Bryant propane heater can't possibly be wired reversed (red LED blinks constantly)

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good..
see Fig 12. Note #5 in the lower right corner.
This wire must be connected to furnace sheetmetal for the flamesensor to work.
THe note is for the return wire of the gas valve.
I'm not sure what they mean exaclty, but something there needs to get to furnace sheetmetal ground for the flame senor to work.
Mark
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Looking up videos on troubleshooting a Bryant 373LAV flame sensor, these guys clean it with a brand new five-dollar bill:
https://www.youtube.com/watch?feature=player_detailpage&v=tYwR9qL4lnk#t
0
This looks like a similar furnace to mine, with a similar issue, and this guy does not recommend cleaning the flame sensor:
https://www.youtube.com/watch?feature=player_detailpage&v=iDnkdKsZhc0#t66

After replacing the flame sensor, he shows the whole cycle:
https://www.youtube.com/watch?feature=player_detailpage&v=iDnkdKsZhc0#t
•0
These guys use #0000 fine steel wool to clean the flame sensor:
https://www.youtube.com/watch?feature=player_detailpage&v=R7AKPgBB_R4#t44

https://www.youtube.com/watch?feature=player_detailpage&v=jCqlGfZv8Es#tY

All say not to touch the sensor with fingers, which I didn't know when I first had cleaned it.
But, interestingly, *all* (of those) simply clean or replace the flame sensor without *any* of them testing it for the 5 or 6 uamps of control current. (I'll google separately for videos *testing* the flame sensor circuit but this is already long.)
Normally, I test things before replacing them, but, none of the technicians in the youtube videos I've found bothered to test it before replacing it.
Even so, I might buy a spare flame sensor and igniter, and keep it next to the furnace. Any suggestions as to good suppliers?
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On 12/23/2014 10:14 AM, Danny D. wrote:

I'd mention a couple, but you need to be in the trade to buy there.
- . Christopher A. Young Learn about Jesus www.lds.org .
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Ok,the flame sensor is just a wire. It does not change resistance with hea t. Also the flame sensor has only 1 connection and as you shoild know, a c omplete circuit needs 2. The circuit is completed THROUGH THE FLAME to the metal burner. And the current does not come from the controller. The flame actually generates the current. The controller senses therescense of thos small current. So the flame is a small battery where the neg terminal is t he metal burner and the positive terminal is the probe in the flame. The c urrent is very small and i would not try to measure it unless you have the right kind of meter and know what to do.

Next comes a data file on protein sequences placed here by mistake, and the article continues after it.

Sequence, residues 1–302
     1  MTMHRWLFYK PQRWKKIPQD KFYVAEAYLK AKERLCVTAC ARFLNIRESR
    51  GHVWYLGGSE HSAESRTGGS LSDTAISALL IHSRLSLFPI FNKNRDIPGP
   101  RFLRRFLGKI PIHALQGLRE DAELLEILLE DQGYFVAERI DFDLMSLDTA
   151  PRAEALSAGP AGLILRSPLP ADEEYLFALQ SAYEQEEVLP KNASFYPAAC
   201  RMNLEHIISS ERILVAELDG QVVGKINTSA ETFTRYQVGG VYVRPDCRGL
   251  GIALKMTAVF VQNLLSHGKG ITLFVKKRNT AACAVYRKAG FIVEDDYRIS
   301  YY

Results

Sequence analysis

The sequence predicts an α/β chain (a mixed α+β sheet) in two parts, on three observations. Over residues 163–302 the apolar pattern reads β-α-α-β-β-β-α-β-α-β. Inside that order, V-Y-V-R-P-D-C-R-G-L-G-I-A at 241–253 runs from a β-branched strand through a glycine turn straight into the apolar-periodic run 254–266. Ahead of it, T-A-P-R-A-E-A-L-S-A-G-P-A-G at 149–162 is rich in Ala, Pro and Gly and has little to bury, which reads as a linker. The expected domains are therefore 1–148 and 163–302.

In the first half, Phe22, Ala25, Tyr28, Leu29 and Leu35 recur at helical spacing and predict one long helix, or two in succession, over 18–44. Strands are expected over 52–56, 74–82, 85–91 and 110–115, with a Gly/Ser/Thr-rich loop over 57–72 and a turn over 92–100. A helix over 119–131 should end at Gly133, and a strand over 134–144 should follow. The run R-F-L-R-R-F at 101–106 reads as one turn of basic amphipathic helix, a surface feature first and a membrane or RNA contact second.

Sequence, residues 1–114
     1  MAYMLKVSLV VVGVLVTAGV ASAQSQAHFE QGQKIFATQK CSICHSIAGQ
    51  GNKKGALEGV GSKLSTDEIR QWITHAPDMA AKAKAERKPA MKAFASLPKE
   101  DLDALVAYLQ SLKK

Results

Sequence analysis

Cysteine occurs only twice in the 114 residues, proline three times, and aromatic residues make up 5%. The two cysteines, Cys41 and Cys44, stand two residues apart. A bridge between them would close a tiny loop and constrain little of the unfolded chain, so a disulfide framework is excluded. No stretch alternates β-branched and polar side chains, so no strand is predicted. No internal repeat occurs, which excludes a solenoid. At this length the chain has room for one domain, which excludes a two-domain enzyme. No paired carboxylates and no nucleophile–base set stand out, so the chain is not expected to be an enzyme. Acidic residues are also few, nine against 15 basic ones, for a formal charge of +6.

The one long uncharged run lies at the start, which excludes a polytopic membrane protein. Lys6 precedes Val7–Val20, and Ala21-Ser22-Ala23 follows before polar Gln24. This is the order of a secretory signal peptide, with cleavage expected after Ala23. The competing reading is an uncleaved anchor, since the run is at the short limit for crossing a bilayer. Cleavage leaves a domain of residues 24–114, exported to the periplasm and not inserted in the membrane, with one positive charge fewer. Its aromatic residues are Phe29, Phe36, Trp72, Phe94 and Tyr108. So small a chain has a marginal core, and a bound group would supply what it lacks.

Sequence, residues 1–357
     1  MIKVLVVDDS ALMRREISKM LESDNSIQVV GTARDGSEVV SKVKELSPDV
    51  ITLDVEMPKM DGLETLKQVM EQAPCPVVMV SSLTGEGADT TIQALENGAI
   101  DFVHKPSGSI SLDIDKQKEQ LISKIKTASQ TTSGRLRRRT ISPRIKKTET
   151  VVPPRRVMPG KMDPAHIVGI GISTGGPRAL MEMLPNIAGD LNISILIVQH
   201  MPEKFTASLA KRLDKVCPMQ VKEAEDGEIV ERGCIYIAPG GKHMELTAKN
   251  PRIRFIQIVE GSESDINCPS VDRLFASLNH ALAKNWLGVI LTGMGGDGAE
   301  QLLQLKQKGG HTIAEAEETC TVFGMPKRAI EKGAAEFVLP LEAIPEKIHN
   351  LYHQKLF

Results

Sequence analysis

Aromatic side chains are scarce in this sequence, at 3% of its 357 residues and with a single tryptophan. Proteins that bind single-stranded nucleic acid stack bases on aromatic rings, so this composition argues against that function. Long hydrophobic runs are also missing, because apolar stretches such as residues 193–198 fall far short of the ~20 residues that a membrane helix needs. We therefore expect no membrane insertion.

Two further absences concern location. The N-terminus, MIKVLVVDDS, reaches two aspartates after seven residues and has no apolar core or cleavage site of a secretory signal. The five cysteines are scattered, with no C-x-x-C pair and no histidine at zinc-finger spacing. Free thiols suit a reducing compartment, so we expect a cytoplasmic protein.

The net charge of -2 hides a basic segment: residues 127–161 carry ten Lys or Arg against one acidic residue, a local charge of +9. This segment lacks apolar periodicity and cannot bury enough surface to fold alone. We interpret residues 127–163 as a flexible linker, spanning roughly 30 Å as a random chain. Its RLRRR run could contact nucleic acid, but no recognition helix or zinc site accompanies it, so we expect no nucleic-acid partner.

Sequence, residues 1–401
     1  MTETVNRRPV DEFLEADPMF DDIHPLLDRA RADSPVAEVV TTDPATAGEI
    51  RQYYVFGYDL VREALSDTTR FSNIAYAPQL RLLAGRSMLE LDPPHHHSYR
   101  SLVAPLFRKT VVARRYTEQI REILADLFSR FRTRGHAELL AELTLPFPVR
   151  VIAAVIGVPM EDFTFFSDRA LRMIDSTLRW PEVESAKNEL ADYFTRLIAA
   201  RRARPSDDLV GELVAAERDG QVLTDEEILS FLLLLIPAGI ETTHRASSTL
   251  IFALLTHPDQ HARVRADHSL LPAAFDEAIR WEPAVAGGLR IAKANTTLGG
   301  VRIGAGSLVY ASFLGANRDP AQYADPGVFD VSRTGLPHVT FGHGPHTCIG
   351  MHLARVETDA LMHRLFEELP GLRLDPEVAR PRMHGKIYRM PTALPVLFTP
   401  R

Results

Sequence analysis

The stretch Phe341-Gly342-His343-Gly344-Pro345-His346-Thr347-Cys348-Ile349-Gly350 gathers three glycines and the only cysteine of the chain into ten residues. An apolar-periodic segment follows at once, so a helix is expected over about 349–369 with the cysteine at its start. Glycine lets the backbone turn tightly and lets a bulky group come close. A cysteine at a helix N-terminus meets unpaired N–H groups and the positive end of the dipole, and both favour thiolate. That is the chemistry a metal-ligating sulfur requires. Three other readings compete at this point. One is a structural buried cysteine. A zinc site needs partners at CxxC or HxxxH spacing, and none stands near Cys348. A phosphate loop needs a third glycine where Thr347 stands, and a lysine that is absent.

Also the flame sensor in NOT like the thermocoouples which have two wires a nd generate current inthe two wires when heated. The flame sensor is diffe rent.
The flowing hot gas from the burner tothe probe creates a small current.
I donT know how important it is for the probe itself to be clean, but the i nsulator that holds the probe needs to be clean or else the small current w illleak directly back to the grounded metal ans not make it to the controll er.
Mark
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Ok, im a little wrong. The flame senor works by rectification. The controller applies a small AC voltage and the flame lets the current flow in one direction only in effect creating a small DC current. The battery analogy is not exactly right. Goggle flame rectification sensor.
Mark
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On Tuesday, December 23, 2014 7:19:34 PM UTC-5, snipped-for-privacy@yahoo.com wrote:

Well, you learn something new all the time. I thought the flame sensor was a thermocouple. But from some googling, I see you're right. I never even knew this phenomenon existed. It apparently works by using the flame itself to conduct a small current. And somehow the AC gets half-waved rectified in the process.
One big difference with testing, would appear to be that the rod type sensor won't generate any voltage from just heating it. It has to have an AC current applied, so the current test would have to be done with it installed, connected to the controller.
Now the advice to clean them makes sense. If it was a thermocouple, whether it had some dirt on it or not should not affect the operation.
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On Wednesday, December 24, 2014 6:58:04 AM UTC-5, trader_4 wrote:

fect creating a small DC current. The battery analogy is not exactly right .

Hi trader. yes I just learned this too, and it is interesting. Apparently the flame sensor circuits have evolved to this. I read that th e original flame sensors were just measuring the DC resistance through the flame, no flame is an open circuit, and a flame completes the circuit but w ith a high resistnace. The problem is that this is not fail safe. If the insulator that hold the flame sensor gets soot, that leakage resistance to ground can look like a flame. So if the insulator is sooty and the flame s hould go out, the controler would see the path through the soot and think t he flame is present. This of course is very dangerous. So they improved t he circuit, instead of just looking for DC resistnace, they found that a fl ame (unlike soot) conducts current in one direction better than the other. So the newer circuits apply an AC voltage, looks like a high impeandace an d pretty high voltage like 90V AC and the circuit senses that there is more current in one direction than the other. This indicates that there is an actual flame and not just leakage from soot.
So I'm guessing now that the 90 or so volts comes from the AC line and the controller circuit can't work right if the AC hot and neutral and ground ar e not connected correctly.